Although diagnosed with breast cancer in June 2005, she had found a very small, hard lump under her arm 16 months earlier. Two physicians initially told her it was ‘nothing’. During those many months, the lump had grown tremendously; she was concerned, but didn’t think it was cancer. A recent mammogram showed no changes. When she finally saw a surgeon, he was alarmed, scheduling surgery the same week. She learned at that time that the lump was a malignant lymph node: primary site unknown. The diagnosis of breast cancer came after an excruciatingly long two weeks, revealed by a ‘whoppingly positive’ PET scan. She was stunned, but thankful for a diagnosis. Her husband attended every medical appointment and procedure. Her son and daughter were solidly behind her recovery, as well. Her daughter helped her shave her head when the time came. Her son was home often to support her. Her long time ‘sisters’ took turns accompanying her to chemo appointments. Through the darkness, there were shining moments. Her oncologist gave her a post-chemo infusion so she could feel well enough to attend an out of town wedding, which was so important to her. She herself gave hope to a young student who was going through a leukemia journey, sharing stories and hope. They will always share a rare bond. She fondly remembers the meals, smiles, notes of encouragement, and compliments of radiance she received. She eventually decided to have a mastectomy, which her doctors were encouraging. Reconstructive surgery was very successful; after many months, there was light at the end of the tunnel. Her oncologist suggested that she attend a support group at Pathways. She initially hesitated, but once there, she felt a sense of unparalleled camaraderie. Eventually, she joined the Pathways Patient Educator Program and now shares her first hand experiences with healthcare providers, clergy and medical students, so that they can better understand their patient’s journey. She believes communication is critically important for a solid patient- healthcare provider relationship. She created a painting of a rainbow, incorporating her students’ hands in the artwork to reflects the love, support and hope she felt from them during her journey. There are many joyful, hopeful and spirited moments throughout her journey, that she still reflects upon today.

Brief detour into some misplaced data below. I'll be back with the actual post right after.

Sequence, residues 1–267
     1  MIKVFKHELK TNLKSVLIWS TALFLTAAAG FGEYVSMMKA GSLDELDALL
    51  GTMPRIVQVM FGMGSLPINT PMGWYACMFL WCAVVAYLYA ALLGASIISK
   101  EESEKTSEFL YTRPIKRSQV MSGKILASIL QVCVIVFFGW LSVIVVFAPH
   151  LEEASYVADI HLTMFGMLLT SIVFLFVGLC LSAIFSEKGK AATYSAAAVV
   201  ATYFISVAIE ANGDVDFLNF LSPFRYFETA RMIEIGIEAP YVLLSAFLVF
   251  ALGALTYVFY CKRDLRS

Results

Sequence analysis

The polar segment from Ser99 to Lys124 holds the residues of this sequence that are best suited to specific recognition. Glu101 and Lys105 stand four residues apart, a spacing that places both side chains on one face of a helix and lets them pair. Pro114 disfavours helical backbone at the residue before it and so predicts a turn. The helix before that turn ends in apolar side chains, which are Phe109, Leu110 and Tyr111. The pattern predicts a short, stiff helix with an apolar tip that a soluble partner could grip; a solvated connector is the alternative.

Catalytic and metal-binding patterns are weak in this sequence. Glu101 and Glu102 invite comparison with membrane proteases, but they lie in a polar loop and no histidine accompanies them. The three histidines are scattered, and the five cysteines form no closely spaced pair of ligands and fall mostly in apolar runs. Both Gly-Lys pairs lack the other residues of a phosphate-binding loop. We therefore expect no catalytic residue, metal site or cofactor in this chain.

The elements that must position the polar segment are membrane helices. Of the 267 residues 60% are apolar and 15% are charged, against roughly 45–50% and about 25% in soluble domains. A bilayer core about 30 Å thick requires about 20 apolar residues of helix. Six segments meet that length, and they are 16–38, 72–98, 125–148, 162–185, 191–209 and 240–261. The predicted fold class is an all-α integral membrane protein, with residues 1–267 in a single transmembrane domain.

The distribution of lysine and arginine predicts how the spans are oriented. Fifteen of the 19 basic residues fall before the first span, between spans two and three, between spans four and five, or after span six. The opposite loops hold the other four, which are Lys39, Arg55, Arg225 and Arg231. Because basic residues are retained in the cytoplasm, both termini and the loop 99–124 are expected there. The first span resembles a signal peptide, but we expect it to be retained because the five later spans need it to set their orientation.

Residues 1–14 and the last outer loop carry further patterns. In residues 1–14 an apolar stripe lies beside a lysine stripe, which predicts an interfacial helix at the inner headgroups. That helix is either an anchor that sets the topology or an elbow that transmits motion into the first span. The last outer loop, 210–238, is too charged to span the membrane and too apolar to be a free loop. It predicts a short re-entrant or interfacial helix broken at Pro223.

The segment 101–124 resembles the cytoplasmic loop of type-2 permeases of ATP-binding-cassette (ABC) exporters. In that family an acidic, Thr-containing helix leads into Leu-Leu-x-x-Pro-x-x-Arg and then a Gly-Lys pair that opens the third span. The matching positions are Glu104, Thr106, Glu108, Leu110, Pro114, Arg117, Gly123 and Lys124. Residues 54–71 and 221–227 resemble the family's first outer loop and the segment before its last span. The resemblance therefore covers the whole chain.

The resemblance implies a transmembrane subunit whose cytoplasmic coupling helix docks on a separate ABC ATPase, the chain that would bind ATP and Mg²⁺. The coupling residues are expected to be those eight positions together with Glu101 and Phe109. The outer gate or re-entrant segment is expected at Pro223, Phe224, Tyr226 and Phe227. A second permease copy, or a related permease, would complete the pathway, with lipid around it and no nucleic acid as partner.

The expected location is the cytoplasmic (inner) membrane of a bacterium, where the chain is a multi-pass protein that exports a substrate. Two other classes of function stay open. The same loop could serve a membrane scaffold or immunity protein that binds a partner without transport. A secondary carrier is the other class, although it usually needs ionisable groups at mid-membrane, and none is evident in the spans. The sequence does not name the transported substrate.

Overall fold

When my mother was first diagnosed, I was confused, concerned and scared of the unknown. Her cancer diagnosis was totally unexpected, it came out of left field, and I couldn’t even begin to fathom or understand what she was going through, physically or mentally. I just knew that I had to be there for her, in such a crucial time of her life. Knowing the difficulties she had to endure from the chemo therapy, the surgeries and the radiation, I am sure being optimistic was faint at times, but she has always been a strong and tenacious woman, which gave me hope that she would overcome this dark “obstacle.” Many of times she told my sisters, and myself not to worry. She didn’t want us to change our daily routine she was going to get through it. It is because of who she is and her constant resilience to personal challenges, that I push myself to my physical/mental limits. She has given me such reverence for life. The mirror reflects the strength she has given me through-out my life. Looking for the sanguine of her cancer journey, it was artwork. The compassion and positive exuberance she gives to others is reflected by helping survivors/patients and loved ones have a voice in sharing their journey through “Visions of Hope.”